The Exaltation of Wordplay
James Lipton is an American writer, composer, actor, and the founding Dean Emeritus of the Actors Studio Drama School in New York City. He is the executive producer, writer, and host of the Bravo cable television series "Inside the Actors Studio," which debuted in 1994. His credits as an actor include a ten-year role as Dr. Dick Grant on CBS's "Guiding Light" and recurring guest appearances as Warden Stefan Gentles on Fox's "Arrested Development." Lipton is also a licensed pilot and a member of the Aircraft Owners and Pilots Association.
Question: What’s a writing project that’s turned out well for you, and what did you learn from it?\r\n
James Lipton:I cornered the market on the most peculiar habit of the English language, namely the designation of groups of things by a term. We all know a few, a gaggle of geese, a pride of lions, a host of angels, and we use them without thinking about them. A chorus of complaint. One day I suddenly thought to myself, why a gaggle of geese, why a pride of lions? A pride of lions – pride, really, it is the quintessence of a lion; he’s proud. Who said that we will capture the entire quintessence of this beast in a single word, a pride of lions? And that started me on a search that lasted for years. It took me finally to the bowels of the main reading room of the British museum where I was actually in possession, at last, of the original books of hunting in which these terms were compiled; principally The Book Of St. Albans. This is 15th century stuff. And I discovered it was a charm of finches, properly, when the only profession a gentleman could ever admit to was hunting. So he had to know the proper terms. He saw a charm of finches, an unkindness of ravens, a parliament of owls, an exaltation of larks, a leap of leopards. I mean, these are beautiful terms; an ostentation of peacocks. I was fascinated, and there they were, these lists that were compiled in the 15th century. Some of the first books every printed in England, it was that important.\r\n
And then I discovered a pontificality of prelates, a superfluity of nuns. And I thought, my god, they were playing word games with them in the 15th century. And I finally compiled all of the original terms with their provenances. And that took a lot of digging because most of them are in Middle English. So, I had to translate out of Middle English into modern English. And I fell in love with them and I began to invite my own. An acre of dentists. In the 15th century, they said a rascal of boys. So, I said an acne of adolescents, a lurch of buses, a slouch of models, and an unction of undertakers, in a larger group, an extreme unction of undertakers. And I couldn’t stop. It was like eating peanuts. And I wrote this big book, which became the definitive book on this subject and ultimately all the introductions that I wrote to the various sections of it became a love letter to this magnificent English language.\r\n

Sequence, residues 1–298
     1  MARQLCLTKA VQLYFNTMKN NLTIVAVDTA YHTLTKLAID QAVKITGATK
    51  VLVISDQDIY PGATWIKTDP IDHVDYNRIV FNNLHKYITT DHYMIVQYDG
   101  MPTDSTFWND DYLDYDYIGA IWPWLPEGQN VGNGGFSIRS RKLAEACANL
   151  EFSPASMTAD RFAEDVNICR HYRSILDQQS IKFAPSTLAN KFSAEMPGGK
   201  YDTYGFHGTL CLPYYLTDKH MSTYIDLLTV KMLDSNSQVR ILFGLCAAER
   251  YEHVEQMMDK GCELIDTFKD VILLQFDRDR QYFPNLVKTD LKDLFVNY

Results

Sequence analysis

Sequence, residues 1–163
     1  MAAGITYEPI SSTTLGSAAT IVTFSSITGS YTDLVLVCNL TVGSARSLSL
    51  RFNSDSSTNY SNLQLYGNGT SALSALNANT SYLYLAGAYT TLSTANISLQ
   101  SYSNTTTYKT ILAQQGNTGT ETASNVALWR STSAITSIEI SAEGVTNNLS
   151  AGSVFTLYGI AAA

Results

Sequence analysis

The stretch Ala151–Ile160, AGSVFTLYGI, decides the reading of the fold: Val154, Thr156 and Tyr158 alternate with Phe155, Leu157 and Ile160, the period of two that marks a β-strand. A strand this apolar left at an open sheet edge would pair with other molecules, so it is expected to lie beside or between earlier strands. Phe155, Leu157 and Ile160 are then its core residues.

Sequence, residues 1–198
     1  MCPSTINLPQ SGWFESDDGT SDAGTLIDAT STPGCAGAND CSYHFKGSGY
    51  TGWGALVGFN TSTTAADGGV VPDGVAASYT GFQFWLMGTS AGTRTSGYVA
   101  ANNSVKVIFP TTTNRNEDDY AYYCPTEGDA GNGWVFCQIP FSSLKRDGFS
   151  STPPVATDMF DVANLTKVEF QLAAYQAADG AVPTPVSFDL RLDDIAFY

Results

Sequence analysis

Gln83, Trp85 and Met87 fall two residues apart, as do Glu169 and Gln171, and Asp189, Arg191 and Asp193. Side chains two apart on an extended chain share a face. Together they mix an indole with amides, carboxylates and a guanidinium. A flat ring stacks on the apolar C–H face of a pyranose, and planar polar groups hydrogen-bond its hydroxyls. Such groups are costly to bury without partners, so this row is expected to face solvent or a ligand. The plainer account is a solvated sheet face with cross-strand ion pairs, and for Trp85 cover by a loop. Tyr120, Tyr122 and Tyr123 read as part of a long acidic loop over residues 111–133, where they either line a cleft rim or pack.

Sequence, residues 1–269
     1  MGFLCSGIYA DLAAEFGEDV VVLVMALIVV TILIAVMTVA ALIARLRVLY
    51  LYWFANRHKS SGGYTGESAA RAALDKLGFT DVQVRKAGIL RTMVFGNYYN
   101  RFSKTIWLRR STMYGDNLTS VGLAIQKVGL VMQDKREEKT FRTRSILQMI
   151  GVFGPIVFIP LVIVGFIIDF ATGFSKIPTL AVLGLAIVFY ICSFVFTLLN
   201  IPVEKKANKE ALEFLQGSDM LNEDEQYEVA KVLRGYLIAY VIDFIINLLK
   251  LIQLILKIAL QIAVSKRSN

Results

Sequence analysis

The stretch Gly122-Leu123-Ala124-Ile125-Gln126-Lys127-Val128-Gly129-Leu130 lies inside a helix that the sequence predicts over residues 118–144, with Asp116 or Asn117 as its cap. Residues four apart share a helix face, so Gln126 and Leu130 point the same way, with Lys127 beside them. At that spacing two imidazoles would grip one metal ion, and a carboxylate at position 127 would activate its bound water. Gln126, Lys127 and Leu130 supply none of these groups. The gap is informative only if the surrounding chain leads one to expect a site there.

It’s been used as a textbook in countless schools. It’s been published all over the world. And you’ll have to forgive me for bragging, you can discount 50% of this because I’m saying it, but all the same, it is my letter to the world. And if people would ask me, is there one book that you’ve written that means the most to you, clearly it’s "An Exaltation of Larks."\r\n
Question: What is the collective term for actors?\r\n
James Lipton: There was in Shakespeare’s time also a collective term. They were called “a cry of players.” Isn’t that pretty? A cry of players. I decided that in my time, they would be a queue of actors. Q-U-E-U-E. A line. A queue of actors. That’s my term for it. Though I think a cry of players is probably a lot better.
Recorded February 9, 2010
Interviewed by Austin Allen
The Actors Studio dean once wrote the definitive text on group nouns ("An Exaltation of Larks"). So what is a group of actors called?
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